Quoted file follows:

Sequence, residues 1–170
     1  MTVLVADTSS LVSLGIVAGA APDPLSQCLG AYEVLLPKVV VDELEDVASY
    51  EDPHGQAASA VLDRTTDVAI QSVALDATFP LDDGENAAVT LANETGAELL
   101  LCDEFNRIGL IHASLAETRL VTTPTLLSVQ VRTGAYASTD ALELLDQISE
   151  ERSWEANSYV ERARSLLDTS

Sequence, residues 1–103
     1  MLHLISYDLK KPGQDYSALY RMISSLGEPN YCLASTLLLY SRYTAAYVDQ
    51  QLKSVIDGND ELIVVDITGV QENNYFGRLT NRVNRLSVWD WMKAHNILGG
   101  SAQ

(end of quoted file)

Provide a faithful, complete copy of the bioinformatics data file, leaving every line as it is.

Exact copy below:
Sequence, residues 1–170
     1  MTVLVADTSS LVSLGIVAGA APDPLSQCLG AYEVLLPKVV VDELEDVASY
    51  EDPHGQAASA VLDRTTDVAI QSVALDATFP LDDGENAAVT LANETGAELL
   101  LCDEFNRIGL IHASLAETRL VTTPTLLSVQ VRTGAYASTD ALELLDQISE
   151  ERSWEANSYV ERARSLLDTS

Sequence, residues 1–103
     1  MLHLISYDLK KPGQDYSALY RMISSLGEPN YCLASTLLLY SRYTAAYVDQ
    51  QLKSVIDGND ELIVVDITGV QENNYFGRLT NRVNRLSVWD WMKAHNILGG
   101  SAQ